Good post, Jon. I am always surprised by the sort of inanities that protectionists try to have the good people believe. This is also true of most other state interventions, but protectionists seem to have a comparative advantage there. For garlic, though, they might have a national security argument: if national garlic disappears and the Chinese government degrades or weakens the garlic exported to Americans, who will protect us from being attacked by vampires behind the combat lines?

One of the three liberal principles of government intervention proposed by Anthony de Jasay is, “In case of doubt, abstain.”

David Seltzer
May 19 2024 at 4:58pm

Pierre: Behind combat lines I would arm myself with a stake or a cross. If we are to fight them, arm all the combatants with these weapons. One can never be to careful in the Bloodhunt!

 

Max Molden
May 19 2024 at 6:45am

Simply showing that some intervention could accomplish some desired outcome does not mean the action is justified or desirable.

People have the tendency to isolate their favoured government intervention from everything else. Assuming that (i) it will be done as they envision it and (ii) overlooking short-term and long-term (negative) effects, they conclude it is desirable. To this comes that with the coercive power of the state, lots of things can be achieved.

I tend to think that the belief that the political process will always work to one’s liking is one of the worst fallacies of today. Even more so since the world is clearly not so, and everyone (on some level) knows this. But people continue to hold that belief. “If only we were in power.” …

Jon Murphy
May 19 2024 at 10:39am

I tend to think that the belief that the political process will always work to one’s liking is one of the worst fallacies of today. Even more so since the world is clearly not so, and everyone (on some level) knows this. But people continue to hold that belief. “If only we were in power.” …

Agreed.  And, it seems to me, this tendency is especially bad among economists.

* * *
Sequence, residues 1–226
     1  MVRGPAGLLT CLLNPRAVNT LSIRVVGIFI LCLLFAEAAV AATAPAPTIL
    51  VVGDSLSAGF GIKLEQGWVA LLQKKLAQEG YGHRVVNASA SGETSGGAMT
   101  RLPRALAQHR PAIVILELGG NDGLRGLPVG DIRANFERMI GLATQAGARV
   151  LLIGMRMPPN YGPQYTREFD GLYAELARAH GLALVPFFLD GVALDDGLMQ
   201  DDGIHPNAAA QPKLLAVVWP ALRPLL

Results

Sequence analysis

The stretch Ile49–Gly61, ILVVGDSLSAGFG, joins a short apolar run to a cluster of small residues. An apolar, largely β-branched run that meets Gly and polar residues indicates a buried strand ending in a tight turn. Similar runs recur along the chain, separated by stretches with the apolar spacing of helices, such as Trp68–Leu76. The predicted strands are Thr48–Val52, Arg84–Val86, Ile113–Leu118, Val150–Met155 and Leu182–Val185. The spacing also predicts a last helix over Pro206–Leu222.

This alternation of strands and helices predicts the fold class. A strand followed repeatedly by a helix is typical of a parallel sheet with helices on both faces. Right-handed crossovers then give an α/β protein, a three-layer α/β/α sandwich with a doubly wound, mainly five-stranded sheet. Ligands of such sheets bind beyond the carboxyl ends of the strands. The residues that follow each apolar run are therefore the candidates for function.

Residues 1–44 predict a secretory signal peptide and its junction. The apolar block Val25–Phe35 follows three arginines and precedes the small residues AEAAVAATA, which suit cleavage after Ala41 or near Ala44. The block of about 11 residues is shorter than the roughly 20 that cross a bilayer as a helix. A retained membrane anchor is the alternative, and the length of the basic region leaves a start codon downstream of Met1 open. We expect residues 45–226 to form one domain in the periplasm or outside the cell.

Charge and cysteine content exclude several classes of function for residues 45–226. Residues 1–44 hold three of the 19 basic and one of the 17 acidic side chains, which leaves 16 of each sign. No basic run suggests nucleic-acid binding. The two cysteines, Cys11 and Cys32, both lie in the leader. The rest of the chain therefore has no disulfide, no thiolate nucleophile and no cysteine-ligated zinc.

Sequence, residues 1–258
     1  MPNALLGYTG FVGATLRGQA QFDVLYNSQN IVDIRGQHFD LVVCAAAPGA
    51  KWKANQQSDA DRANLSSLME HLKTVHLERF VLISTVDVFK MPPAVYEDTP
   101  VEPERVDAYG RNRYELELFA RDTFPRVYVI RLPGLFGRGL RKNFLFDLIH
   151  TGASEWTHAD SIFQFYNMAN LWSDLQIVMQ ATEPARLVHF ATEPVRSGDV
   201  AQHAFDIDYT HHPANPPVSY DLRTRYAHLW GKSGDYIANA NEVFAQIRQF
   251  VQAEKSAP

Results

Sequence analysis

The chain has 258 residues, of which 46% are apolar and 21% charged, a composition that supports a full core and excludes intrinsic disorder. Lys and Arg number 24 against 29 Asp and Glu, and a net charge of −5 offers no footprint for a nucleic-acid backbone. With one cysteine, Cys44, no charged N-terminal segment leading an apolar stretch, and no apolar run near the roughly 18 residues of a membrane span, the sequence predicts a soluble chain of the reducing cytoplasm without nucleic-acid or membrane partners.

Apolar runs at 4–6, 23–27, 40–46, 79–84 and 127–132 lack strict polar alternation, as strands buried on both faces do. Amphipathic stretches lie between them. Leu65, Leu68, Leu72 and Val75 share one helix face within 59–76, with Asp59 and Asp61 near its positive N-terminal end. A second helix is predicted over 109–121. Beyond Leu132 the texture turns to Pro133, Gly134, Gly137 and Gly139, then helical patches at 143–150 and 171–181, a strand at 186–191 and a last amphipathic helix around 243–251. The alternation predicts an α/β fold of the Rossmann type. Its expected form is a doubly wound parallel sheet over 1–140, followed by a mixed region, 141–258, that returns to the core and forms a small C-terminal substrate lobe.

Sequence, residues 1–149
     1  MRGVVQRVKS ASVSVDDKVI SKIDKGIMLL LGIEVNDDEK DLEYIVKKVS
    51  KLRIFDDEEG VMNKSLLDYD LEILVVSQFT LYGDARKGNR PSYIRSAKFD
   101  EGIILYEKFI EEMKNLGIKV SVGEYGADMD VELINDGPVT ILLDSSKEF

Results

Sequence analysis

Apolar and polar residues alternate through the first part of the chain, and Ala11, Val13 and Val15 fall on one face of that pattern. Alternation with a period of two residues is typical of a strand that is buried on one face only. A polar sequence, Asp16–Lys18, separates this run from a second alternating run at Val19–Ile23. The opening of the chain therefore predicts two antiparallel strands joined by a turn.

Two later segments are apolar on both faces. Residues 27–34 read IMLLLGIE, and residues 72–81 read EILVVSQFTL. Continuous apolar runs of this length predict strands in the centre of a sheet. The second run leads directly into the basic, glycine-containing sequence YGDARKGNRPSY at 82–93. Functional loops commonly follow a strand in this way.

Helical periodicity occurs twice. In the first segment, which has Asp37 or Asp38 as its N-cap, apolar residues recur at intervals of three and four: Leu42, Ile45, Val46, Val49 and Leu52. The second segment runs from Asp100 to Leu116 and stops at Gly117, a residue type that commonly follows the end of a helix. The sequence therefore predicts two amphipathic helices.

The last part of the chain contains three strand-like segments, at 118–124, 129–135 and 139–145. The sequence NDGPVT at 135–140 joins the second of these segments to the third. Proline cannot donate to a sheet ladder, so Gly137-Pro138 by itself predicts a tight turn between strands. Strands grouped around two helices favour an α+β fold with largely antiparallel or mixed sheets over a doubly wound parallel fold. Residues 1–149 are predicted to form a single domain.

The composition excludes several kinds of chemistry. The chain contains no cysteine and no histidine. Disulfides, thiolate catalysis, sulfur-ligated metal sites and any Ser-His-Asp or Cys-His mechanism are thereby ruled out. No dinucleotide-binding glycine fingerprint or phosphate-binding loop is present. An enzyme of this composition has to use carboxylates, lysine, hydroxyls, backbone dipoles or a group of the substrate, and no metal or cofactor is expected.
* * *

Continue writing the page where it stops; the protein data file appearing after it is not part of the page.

Thomas L Hutcheson
May 19 2024 at 5:50pm

One dead give-away for a phony argument is when the proposed policy is  not the lowest cost means to the end.  John’s example of tainted garlic is spot on.

Spotter oner are tariffs to promote national defense manufacturing domestically when production subsidies are what is called for or subsidizing substitutes of CO2 emitting technologies instead of taxing the net emissions.

Jon Murphy
May 19 2024 at 10:30pm

Dude, come on. Not everything is about carbon emissions.

Art Carden
May 20 2024 at 4:19pm

The problem, of course, is that no one who is willing to accept that kind of power should under any circumstances be trusted with it.

Art Carden
May 20 2024 at 4:20pm

Hence the importance of checks and balances. The optimist in me wants to think that by giving ground on silly things like garlic regulation, we avoid letting them devote their time and attention to creating even worse problems.

Jon Murphy
May 21 2024 at 7:42am

The realist in me thinks that would only encourage them further

Comments are closed.

RECENT POST

We should be careful about words, expressions, and catchphrases, especially those political hyperboles that buttress the statist zeitgeist of our time. You are a product of greedy corporations. The author of the May 16 Economist newsletter “The World in Brief” says it in passing: Walmart’s ad operation is much s...

Read More

Brickbat: Robot's Day of Rest by Charles Oliver, Reason, May 10, 2024. Excerpt: A German court has ruled that the robots at the Tegut supermarket chain must be given Sundays off, just like human workers. Under German law, retail stores must close on Sundays and Christian holidays in order to give employees a d...

Read More

In his book Minority Report, H.L. Mencken writes: “The urge to save humanity is almost always only a false-face for the urge to rule it.  Power is what all messiahs really seek: not the chance to serve.  This is true even of the pious brethren who carry the gospel [sic] to foreign parts.”   With a little rew...

Read More